In November 1830, Arthur wrote that he had decided to organise the Black Line to preserve the Aborigines from the extinction they faced at the hands of the settlers. Only their complete separation from the settler population “could now arrest a long term of rapine and bloodshed, already commenced, a great decline in the prosperity of the colony, and the eventual extirpation of the Aboriginal race itself” [Fabrication, p. 196].
Windschuttle argues that the growing influence of the Evangelical Christian movement, with its emphasis on equality and campaigns against slavery, meant that any demand to exterminate the Aborigines would not only have defied His Majesty’s laws, but amounted to a repudiation of the predominant religious and philosophical beliefs of the time, in Tasmania and more broadly. Be that as it may. The fact remains that the logic of events themselves—arising from the fundamental incompatibility between the developing pastoral capitalist society of the settlers and the tribal hunter-gatherer society of the Aborigines—was bringing about the extermination of the Aboriginal population. This was clearly recognised in both London and Hobart Town.
The central theme of all the writings and speeches of government officials and settlers cited by Windschuttle was that the extirpation of the Aboriginal population was on the agenda. For those who opposed this “solution”, the only way they saw of preventing it was the physical removal of the Aborigines from the areas of colonial settlement.
In October 1830, George Augustus Robinson noted: “Nothing is heard of at Launceston but extirpating the original inhabitants. Cowardly beings! I question the bravery of those persons engaged in the crusade against the natives. What can be more revolting to humanity than to see persons going forth in battle array against that people whose land we have usurped and upon whom we have heaped every kind of misery. God deliver them” [Fabrication, p. 295].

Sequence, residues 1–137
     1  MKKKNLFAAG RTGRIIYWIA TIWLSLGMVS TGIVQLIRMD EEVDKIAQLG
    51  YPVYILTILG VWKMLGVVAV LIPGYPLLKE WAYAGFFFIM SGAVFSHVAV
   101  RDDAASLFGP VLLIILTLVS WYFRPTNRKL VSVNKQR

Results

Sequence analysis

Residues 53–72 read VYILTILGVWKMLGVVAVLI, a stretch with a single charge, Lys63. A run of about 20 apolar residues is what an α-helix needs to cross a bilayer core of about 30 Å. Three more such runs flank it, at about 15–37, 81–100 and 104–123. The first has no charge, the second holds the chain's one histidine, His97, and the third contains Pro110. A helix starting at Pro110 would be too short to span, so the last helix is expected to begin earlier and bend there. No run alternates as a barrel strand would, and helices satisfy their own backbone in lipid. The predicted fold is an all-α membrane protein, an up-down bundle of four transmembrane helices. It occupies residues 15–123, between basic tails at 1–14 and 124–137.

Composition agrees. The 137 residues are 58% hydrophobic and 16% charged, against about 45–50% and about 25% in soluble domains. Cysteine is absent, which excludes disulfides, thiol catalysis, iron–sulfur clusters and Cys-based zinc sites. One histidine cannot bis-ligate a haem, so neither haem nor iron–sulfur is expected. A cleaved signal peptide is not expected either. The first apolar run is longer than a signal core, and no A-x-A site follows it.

Windschuttle claims that Robinson’s observation is an “exaggeration” because there were settlers in Launceston who opposed such a course. While there was “clearly a strong sentiment of this kind” it would be “more accurate to say that the settlers of Launceston were deeply divided over the issue” [Fabrication, p. 307].
In support of his argument, Windschuttle cites a letter written by the manager of the Van Diemen’s Land Company, Edward Curr, to the Aborigines Committee in April 1830.
“These opinions” Curr wrote, “I am sure will shock the feelings of the committee: it is a dreadful thing to contemplate the necessity of exterminating the Aboriginal tribes. But I am far from advising such a proceeding. All that I can say is that I think it will come to that. My own hands however shall be guiltless of blood, and I shall discountenance it so far as my authority extends, except under circumstances of aggression or in self defence” [Fabrication, pp. 302-303].
Windschuttle accuses historian Henry Reynolds of misrepresenting Curr as a supporter of extermination. Curr was not advocating extermination but simply “uttering a pessimistic prediction about the likely outcome if the Aborigines continued their attacks” [Fabrication, p. 303].
It is up to Reynolds to deal with Windschuttle’s charge. For our part, we simply note that in the text quoted by Windschuttle, Curr makes it perfectly clear that he supports extermination, however reluctantly, provided it takes place in self-defence. But no one argued anything else. Extermination was necessary for self defence.
At a public meeting held in Hobart on the eve of the launching of the Black Line, the solicitor-general Alfred Stephen—acknowledged even by Windschuttle as a supporter of extermination—declared that, since the Aborigines had waged war upon the settlers, “you are bound to put them down. I say that you are bound to do, in reference to the class of individuals who have been involuntarily sent here, and compelled to be in the most advanced position [convict stockmen in remote areas], where they are exposed to the hourly loss of their lives. I say ... that you are bound upon every principle of justice and humanity, to protect this particular class of individuals, and if you cannot do so without extermination, then I say boldly and broadly, exterminate!”[Fabrication, pp. 344-345].
Windschuttle maintains that none of the speakers in this debate, or writers for the colonial press, expressed anything like the motives attributed to them by the so-called “orthodox historians.”